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Cornell-Nepal Studies Program weathers a civil war and looks to the future

A peaceful political resolution to the civil war in Nepal should boost enrollment in a unique study abroad program here at Cornell. The Cornell-Nepal Study Program, founded in 1993, saw its enrollment nose dive when the U.S. State Department issued a travel warning to Nepal in 2003 and placed the Communist Party of Nepal's Maoist insurgents on an international terrorist watch list.

The Nepal initiative is Cornell Abroad's only campus-administered program and is limited to 15 undergraduate and graduate students from Cornell or other U.S. colleges and universities. At least 10 students are needed to sustain the effort. Today there are six.

"We're hopeful that enrollment will go up now that there seems to be an end to the conflict in Nepal," said Kathryn March, professor of anthropology, who coordinates much of the program planning. "After the U.S. lifts the travel warning and takes the Maoists off the terror watch, we should be okay."

The U.S. State Department appears ready to do just that. And Cornell Abroad has agreed to support the program for another five years, said Richard Gaulton, Cornell Abroad director.

Cornell-Nepal Study Program (CNSP) is a pioneering joint venture between Cornell and Tribhuvan National University of Nepal located in Kirtipur, near Kathmandu. Courses are taught in English by Nepalese faculty from the Tribhuvan University Departments of Botany and Sociology/Anthropology.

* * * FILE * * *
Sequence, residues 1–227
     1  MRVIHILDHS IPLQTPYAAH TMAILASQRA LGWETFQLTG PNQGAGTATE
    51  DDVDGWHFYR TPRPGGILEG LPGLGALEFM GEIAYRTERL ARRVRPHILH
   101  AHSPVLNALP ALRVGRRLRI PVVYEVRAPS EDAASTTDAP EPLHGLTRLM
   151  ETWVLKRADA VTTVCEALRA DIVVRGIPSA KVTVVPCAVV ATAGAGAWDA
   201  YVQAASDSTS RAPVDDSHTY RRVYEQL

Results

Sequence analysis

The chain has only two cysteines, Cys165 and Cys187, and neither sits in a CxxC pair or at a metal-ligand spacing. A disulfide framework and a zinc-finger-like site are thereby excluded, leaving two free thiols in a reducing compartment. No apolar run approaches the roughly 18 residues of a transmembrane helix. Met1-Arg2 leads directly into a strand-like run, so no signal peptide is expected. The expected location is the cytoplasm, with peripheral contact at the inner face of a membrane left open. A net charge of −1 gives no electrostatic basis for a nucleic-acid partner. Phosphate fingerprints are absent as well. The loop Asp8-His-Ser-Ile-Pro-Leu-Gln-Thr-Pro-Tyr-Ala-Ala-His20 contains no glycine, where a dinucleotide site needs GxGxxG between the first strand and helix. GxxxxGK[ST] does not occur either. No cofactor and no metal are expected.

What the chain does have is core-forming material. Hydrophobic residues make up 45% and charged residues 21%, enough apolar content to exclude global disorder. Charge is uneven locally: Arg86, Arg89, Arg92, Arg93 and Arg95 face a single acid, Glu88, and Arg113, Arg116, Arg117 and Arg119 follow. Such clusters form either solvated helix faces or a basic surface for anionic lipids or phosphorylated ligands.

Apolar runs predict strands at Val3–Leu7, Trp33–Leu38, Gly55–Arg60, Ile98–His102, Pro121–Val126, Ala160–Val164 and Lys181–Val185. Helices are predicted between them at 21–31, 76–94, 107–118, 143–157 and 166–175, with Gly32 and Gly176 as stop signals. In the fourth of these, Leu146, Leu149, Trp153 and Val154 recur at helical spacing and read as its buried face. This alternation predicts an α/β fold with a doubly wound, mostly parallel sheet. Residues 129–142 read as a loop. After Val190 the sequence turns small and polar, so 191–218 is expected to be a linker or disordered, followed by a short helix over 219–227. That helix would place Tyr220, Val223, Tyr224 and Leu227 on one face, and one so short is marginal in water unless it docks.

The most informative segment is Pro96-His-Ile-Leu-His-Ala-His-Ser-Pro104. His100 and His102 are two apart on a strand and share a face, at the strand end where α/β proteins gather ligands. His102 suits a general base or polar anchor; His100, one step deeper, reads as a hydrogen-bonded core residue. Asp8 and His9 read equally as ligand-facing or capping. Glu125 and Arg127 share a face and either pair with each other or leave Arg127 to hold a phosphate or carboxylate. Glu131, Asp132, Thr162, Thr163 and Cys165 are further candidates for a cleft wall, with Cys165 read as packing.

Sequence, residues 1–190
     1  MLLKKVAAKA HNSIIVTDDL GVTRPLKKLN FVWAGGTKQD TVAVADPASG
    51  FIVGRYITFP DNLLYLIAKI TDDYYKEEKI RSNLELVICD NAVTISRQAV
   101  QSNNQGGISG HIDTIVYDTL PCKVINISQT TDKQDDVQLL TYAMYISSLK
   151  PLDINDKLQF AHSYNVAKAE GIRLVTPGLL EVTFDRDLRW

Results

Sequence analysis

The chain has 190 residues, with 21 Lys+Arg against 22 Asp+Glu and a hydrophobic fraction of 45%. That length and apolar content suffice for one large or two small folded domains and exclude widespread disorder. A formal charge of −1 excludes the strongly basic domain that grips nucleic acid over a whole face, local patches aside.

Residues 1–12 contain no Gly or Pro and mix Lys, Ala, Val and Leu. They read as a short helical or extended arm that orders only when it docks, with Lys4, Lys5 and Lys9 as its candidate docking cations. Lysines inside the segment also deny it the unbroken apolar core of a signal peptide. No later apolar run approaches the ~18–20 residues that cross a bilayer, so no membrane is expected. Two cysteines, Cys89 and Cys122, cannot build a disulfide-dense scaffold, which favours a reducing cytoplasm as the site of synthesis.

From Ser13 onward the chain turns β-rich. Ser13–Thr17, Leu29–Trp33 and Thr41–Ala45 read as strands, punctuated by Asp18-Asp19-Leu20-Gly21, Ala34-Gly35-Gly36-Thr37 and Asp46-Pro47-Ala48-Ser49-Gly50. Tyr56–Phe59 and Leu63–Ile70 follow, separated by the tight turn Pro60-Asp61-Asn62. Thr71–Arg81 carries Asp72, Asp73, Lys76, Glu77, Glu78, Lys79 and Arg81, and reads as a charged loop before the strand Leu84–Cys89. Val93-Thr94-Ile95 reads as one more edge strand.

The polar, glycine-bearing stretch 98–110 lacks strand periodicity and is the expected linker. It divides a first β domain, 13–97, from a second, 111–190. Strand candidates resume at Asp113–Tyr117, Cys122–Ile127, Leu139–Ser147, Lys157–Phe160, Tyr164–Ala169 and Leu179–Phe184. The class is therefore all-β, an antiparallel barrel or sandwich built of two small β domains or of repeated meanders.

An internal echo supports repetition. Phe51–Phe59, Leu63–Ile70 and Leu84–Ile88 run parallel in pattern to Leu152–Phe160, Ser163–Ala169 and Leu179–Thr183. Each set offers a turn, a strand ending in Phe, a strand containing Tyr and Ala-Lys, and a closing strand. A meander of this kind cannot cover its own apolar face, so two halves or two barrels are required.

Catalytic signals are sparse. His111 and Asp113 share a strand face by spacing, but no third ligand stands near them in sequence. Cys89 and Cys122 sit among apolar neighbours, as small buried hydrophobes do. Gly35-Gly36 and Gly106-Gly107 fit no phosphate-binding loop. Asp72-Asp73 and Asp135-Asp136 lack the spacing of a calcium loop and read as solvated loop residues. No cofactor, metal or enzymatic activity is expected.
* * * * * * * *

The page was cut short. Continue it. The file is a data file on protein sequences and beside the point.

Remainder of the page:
Madhab Prasad Sharma, vice chancellor of Tribhuvan University, recently visited Cornell to meet with administrators as well as faculty, staff and student members of the Nepal program. During an information session at the anthropology department on May 1, the vice chancellor expressed his appreciation for Cornell's continuing support of the program during a very unstable period in Nepal's history. He also discussed the need to expand access to electronic resources and for CNSP to develop a dual degree for graduate study.

David Holmberg, professor of anthropology, who has done extensive field work in Nepal since 1971, said that while the program lasts only one semester, the emphasis is on scholarship, not cultural tourism. Each student chooses a major theme, focused on either the cultural or ecological diversity of Nepal, and completes 15 hours of course work.

"Students have to have a very good idea of what they want to do there and be willing to undertake rigorous field research and adapt to Nepali culture," he said. "This is not about how cool it would be to hike the Himalayas."

The program includes studies in anthropology, rural sociology, religion, education and culture, ecology, environmental sciences, natural resources, plant sciences, architecture, and urban and regional planning.

CNSP is the first and only study abroad program in Nepal to draw together students from American universities to live and study with Nepalese peers in residential program houses.

"Involvement with the CNSP has been and will continue to be an integral part of my graduate school endeavors at Cornell -- in addition to being a lot of fun," said Courtney Wallace, who is working toward a master's degree in public administration at the Cornell Institute for Public Affairs. "My concentration is in environmental policy, and I am going to Nepal in spring 2009 to study community forestry."

Preparatory course work includes classes in elementary Nepali, taught by Shambhu Oja, a senior lecturer in Asian studies.

"That class is fantastic because the class size is small, there is a lot of Nepali culture thrown into it, and Shambhu is an amazing teacher," said Paul Josephson, a sophomore majoring in global health who has a minor in South Asian studies.

Other prep includes the course Peoples and Cultures of the Himalayas, taught by March or Holmberg. For now the focus is on "recruitment, recruitment, recruitment," said March. And now that the Maoists have entered the political mainstream in Nepal, the Cornell program looks forward to a robust future, she said.

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